In Iraq, the Job Opportunity of a Lifetime
"It's not okay, little girl," the woman snapped back. It was only then that Ledeen understood the mother wasn't worried about her safety. She was concerned about the Iraqi women who, as workers for the CPA, were seen by insurgents as collaborators.
The memorial service was held in the cavernous theater in the convention center with hundreds of seats, far more than needed for the small gathering. It was a mixed Muslim-Christian ceremony. A local mosque leader chanted from the Koran. A group sang a hymn. Bremer made a brief speech, but rather than remembering the victims he focused on the terrorists who had killed their friends.
Ledeen said the service was beautiful, but as she sat near Hadeel's family and fiance, all she could think of was how the victims' names hadn't been read aloud and how empty the room seemed.
"I was ashamed for all of us that there were so few people there," Ledeen remembered. "We should have filled those seats with CPA people to thank them for their sacrifice for us. We should have filled those seats."
Reinforcements for the budget team finally began arriving in February, another batch of young, eager faces.
Ledeen was assigned to train Brendan Lund, 26, a Merrill Lynch software developer. She taught him to greet people with "Salam alaykum," how to tighten the straps on his flak jacket, how to read the government employee payment spreadsheets. When he said, "We don't seem to have enough senior-level folks making the decisions in the right place," she responded that he was right and that he should be prepared to take the initiative.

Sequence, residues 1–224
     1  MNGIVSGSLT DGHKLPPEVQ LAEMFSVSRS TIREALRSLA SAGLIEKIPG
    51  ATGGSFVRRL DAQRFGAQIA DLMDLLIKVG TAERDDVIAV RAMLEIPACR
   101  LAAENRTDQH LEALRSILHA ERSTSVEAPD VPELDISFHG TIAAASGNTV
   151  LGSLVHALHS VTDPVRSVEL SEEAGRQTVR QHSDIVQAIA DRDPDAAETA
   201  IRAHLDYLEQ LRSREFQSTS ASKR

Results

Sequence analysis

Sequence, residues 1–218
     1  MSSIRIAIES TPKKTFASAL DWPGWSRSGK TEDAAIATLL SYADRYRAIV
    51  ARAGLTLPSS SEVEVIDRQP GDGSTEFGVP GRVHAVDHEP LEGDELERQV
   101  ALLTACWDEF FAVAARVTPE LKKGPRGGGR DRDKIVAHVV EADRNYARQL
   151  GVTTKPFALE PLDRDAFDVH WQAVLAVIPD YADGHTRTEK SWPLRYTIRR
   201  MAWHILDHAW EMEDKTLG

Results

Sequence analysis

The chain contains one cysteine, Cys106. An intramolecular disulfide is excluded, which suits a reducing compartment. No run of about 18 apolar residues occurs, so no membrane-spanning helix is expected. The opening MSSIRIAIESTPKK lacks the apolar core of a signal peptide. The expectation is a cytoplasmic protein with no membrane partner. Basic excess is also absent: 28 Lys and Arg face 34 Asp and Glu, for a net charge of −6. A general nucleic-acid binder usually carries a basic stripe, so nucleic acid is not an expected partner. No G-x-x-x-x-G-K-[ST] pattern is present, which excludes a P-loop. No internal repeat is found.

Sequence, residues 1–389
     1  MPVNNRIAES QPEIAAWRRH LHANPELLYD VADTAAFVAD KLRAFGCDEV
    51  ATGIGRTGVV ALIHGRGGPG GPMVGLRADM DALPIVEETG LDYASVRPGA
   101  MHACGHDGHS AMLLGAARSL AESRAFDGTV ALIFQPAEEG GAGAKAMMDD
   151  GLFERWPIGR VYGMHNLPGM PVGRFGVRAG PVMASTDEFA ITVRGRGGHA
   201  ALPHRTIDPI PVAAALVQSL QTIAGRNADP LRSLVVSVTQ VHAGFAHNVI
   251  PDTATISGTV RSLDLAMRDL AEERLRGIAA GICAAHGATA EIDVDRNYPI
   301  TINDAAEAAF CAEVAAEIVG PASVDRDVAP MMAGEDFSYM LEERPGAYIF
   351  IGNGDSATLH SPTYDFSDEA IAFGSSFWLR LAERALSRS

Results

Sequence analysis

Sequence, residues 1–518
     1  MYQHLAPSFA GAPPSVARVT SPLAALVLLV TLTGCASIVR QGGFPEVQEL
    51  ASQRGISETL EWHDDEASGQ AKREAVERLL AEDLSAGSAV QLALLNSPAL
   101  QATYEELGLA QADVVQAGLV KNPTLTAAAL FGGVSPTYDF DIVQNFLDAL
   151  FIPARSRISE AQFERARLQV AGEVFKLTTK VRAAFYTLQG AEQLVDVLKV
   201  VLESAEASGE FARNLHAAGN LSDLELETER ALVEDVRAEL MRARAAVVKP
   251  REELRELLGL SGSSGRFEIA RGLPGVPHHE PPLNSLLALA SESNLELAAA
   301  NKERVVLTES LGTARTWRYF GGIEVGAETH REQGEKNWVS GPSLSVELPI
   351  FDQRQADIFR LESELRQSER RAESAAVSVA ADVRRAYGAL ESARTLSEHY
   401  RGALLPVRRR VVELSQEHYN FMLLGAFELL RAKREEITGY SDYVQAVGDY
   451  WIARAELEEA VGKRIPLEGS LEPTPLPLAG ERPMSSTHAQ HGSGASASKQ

During her last few days in Baghdad, the two met with a woman seeking money for heart surgery and with a former Ministry of Information official under Saddam Hussein.
Ledeen promised to help the woman by making calls to George Washington University and to influential members of Congress. She was equally decisive in her response to the former Baathist official who asked if he could get a raise even though he wasn't working and if his former co-workers could cash the 1 million dinar clothing allowance checks that they had been issued before the invasion.
"I laughed," she said. And then she showed him the door.
It was then that she realized, she said, that "I was all grown up."
Ledeen left Baghdad in late March to be with a sick cousin. The rest of the group departed soon afterward. On the plane ride home on May 15, Baldwin, Greco, Hanley, Wasson and Burns talked about being reunited with family and friends and about vacations plans. But the conversation kept turning back to Iraq -- what they did, what they could have done, what they should have done, what they could still do.
"I support what we're doing, and I absolutely don't think we should pull out and not finish what we started," Greco said. Burns wasn't as confident. He said he was at the same time full of "optimism, pessimism and realism. . . . In some ways we went looking to establish an American system in Iraq, and we can never do that."
Meanwhile, back in Baghdad, weeks before the June 30 handover when the CPA is scheduled to dissolve, staffing levels have finally improved. Twenty people are doing the old jobs of the six.
© 2004 The Washington Post Company